The future of the Park and the Trees and the Culture

from Visalia Times Delta article by Brett Wilkison interviewing Bill Tweed,
published September 19, 2009

Three Rivers resident Bill Tweed worked 28 years in Sequoia and Kings Canyon national parks, including 10 years as the parks’ chief naturalist. His forthcoming book, “Uncertain Path: The Future of National Parks”— due out next summer from University of California Press — looks at the challenges the now 93-year-old park system faces in this century and beyond….

But you’re still optimistic about the future of national parks?

My reason for optimism is that more than almost anything else that America does, the national parks inspire us to do good things. That actually is going to be the message of Ken Burns. He uses this famous quote from a man named James Bryce, who was the British ambassador to the United States back in the early 20th century. He said the national parks were “the best idea America ever had.”

In terms of inspiring behavior, in terms of inspiring good things in America, national parks have always done that. They bring us together in all kinds of ways. American people support them and the idea has spread world wide. Parks have periodically challenged us to reinvent ourselves. Parks teach us things because they are our natural laboratories and we learn things as we work in parks and try to manage them. Parks have a profoundly positive impact on us as a people. It goes way beyond the economic impact, which is the quick one. But there’s really a much bigger national effect. It affects our whole national culture. I think that’s appropriate because not only am I saying it but, Ken Burns, you add up all 12 hours of his film, that’s what he will have said. It’s not new to me and its not new to him. It’s an idea that’s been around for a long time. And it’s true.

bildeVisitors can look out to a meadow filled with wildlife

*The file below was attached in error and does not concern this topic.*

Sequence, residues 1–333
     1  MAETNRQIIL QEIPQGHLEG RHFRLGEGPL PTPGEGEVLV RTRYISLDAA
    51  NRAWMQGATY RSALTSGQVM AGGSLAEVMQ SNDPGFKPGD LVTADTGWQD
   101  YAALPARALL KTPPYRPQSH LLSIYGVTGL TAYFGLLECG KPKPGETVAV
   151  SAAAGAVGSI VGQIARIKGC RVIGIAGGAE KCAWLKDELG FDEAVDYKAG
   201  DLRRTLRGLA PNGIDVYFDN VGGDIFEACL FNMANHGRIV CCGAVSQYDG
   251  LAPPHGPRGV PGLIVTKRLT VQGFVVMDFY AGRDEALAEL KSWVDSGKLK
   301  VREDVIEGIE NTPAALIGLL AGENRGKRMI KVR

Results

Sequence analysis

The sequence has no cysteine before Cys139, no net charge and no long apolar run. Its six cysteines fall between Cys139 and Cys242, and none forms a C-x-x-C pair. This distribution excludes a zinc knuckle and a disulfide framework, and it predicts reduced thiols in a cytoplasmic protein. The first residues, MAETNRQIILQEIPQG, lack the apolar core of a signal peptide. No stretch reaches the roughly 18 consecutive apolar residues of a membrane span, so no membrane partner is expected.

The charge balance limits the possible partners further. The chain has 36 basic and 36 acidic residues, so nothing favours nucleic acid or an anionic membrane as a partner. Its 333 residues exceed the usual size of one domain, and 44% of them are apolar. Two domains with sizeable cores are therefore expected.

from the porch at the Wolverton picnic area.

photo:  Steve R. Fujimoto

What do your National Parks mean to you?

The National Park Foundation held a video contest this summer, inviting ordinary folks to make videos of their summer adventures in a National Park.
They asked these questions:
What do America’s National Parks mean to you — how do they inspire you?
Why are they important?
Why should we protect them?

We hope this “first-ever” video challenge becomes an annual event.
Read about Sequoia National Park on the Foundation’s website here.

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___________ Video links below ___________

My favorite:
Go Back In An Instant…
by Robin and Steve from New York City

Young voices singing and talking about the natural world:
Into the Wild
by Kate
Lands They Walked Upon
by TC Cairns

Views of Sequoia National Park:
Sequoia Nat’l Park – The Land of Giants
by Katharine
Sierra Nevada Mountains
by Sean

Planning for the Future:
Ancient Forest National Park Proposal
by Alden
“An Ancient Forest National Park is proposed for Northern California and Southern Oregon to biologically join together wilderness areas, roadless areas, a national recreation area and wild and scenic rivers into one cohesive land management unit for the protection of ancient forest plants, animals and fish. The proposal is to set aside a solid block of land approximately 2.5 million acres from the Rogue River in Oregon to the Trinity River in California. It will forever allow the free migration of species from the coast and Redwood National Park to semi arid inland canyons. The park would include already established wilderness areas and already designated critical wildlife areas along with unprotected roadless areas. Very little of the acres included are private land and most of it is very steep and uninhabited. Vast as it may seem, during the Clinton presidency, two national monuments were designated of similar size and scope, one in Arizona and one in Utah. The area proposed as Ancient Forest National Park is vast, but for the survival of species in this era of climate change and major fires, it needs to be. There has to be room for the constant change in habitat types that comes with what is truly wild.”